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    Margate's Fort Road Hotel celebrates British art and seaside history

    Frieze co-founder Matthew Slotover, developer Gabriel Chipperfield and artist Tom Gidley have teamed up with Fleet Architects to turn a partially collapsed building in Kent, England, into a 14-room hotel.

    Located on the Margate seafront, Fort Road Hotel features vintage furniture, nature-informed materials and artworks by the likes of Tracey Emin, Hannah Lees and sculptor Lindsey Mendick.
    A ground-floor restaurant forms the reception of the Fort Road HotelThe building has had the same name since 1820 when it first opened as a boarding house. But it was on the verge of ruin when Slotover, Chipperfield and Gidley bought it at auction four years ago.
    London-based Fleet Architects helped the trio replan the interior, which now contains a ground-floor restaurant, a two-storey basement bar and a roof terrace offering 360-degree views of the town and coastline.
    It features artworks by Tracey Emin and Sophie von HellermannThe owners oversaw the interior design themselves. The ambition, according to Gidley, was to pay tribute to the building’s history while offering a sense of homeliness.

    “We wanted to make it feel somewhere between a house and a hotel,” he told Dezeen.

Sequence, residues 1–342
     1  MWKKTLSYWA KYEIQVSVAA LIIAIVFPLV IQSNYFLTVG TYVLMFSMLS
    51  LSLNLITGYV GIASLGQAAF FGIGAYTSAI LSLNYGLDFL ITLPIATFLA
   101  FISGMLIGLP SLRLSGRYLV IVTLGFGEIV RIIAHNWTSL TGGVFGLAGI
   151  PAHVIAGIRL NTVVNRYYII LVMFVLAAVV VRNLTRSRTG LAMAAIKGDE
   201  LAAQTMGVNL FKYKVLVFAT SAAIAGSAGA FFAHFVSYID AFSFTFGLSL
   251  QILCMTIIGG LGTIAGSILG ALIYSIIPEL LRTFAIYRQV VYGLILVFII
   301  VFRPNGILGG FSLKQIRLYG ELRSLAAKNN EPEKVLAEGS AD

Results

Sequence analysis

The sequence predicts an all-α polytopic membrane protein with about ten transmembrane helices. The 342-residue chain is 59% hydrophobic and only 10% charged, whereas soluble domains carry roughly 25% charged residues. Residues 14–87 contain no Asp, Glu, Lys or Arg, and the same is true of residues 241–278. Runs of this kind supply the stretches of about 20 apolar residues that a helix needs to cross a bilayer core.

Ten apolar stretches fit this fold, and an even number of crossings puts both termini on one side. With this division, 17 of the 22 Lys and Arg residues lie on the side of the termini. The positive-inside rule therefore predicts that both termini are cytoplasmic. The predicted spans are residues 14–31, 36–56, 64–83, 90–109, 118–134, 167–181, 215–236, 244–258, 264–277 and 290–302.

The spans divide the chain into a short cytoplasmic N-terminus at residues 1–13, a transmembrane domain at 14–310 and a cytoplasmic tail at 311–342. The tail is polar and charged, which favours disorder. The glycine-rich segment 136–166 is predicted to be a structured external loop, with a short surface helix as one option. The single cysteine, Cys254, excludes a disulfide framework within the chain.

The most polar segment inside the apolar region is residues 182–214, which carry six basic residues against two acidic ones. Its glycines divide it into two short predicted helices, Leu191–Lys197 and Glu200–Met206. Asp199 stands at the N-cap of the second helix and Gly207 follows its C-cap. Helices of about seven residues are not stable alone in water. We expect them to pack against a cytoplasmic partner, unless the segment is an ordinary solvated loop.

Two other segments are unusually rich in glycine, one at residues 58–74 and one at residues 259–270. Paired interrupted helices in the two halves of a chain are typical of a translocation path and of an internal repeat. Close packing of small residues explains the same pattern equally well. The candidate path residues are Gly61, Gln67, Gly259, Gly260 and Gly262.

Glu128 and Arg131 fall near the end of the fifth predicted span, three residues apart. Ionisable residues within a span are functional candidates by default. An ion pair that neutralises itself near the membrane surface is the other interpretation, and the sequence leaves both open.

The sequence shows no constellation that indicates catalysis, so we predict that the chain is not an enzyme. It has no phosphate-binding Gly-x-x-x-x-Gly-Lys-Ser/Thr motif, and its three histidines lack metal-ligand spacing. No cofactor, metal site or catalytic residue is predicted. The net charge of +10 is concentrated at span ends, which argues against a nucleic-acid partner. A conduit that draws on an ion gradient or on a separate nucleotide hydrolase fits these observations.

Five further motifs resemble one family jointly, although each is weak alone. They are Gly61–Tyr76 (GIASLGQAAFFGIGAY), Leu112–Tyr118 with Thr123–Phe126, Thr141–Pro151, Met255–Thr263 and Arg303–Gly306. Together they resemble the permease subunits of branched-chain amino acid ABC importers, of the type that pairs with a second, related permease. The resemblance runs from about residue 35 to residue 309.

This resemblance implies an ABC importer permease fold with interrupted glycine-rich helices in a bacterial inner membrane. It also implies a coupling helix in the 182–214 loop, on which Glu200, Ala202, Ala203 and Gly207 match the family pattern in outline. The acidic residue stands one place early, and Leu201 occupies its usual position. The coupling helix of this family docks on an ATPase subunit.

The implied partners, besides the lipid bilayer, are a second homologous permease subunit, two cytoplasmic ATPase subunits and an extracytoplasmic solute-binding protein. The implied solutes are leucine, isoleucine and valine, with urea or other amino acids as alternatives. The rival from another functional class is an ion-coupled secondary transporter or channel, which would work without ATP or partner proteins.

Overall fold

The green tiles offer a striking contrast with the terracotta-toned floor tilesGuest rooms can be found on the building’s reconstructed first and second floors, as well as on the newly added third floor.
    The focal point of each room, aside from the bed, is a bespoke gridded vanity unit crafted from wood and inlaid with marble.
    Bedrooms are characterised by custom vanity units in wood and marbleThe aesthetic is softened by the addition of period furniture pieces, curtains in linen or felt, and a selection of vintage artworks.
    “Early on, I proposed the idea that I would simply buy pictures that I liked the look of, in the way that boarding house and small hotel owners have always done,” said Gidley.

    Coral and blue surfaces merge in seaside spa Haeckels House

    This concept extends to the hallways, which are decorated with seaside memorabilia, vintage photographs, old postcards and antique maps.
    The scene changes in the downstairs spaces. Here, Gidley and Slotover have used their art-world connections to secure pieces by a range of celebrated contemporary artists.
    Bedrooms overlook the seafront and the neighbouring Turner Contemporary galleryIn the joint restaurant and reception – characterised by a herringbone-pattern floor and a bright green tiled bar – small-scale paintings by various artists hang on soft-green panelled walls.
    A corridor leading down to the basement is brought to life with a mural by London-based painter Sophie Von Hellermann, while a neon piece by Tracey Emin is one of several artworks on show in the two-level basement bar.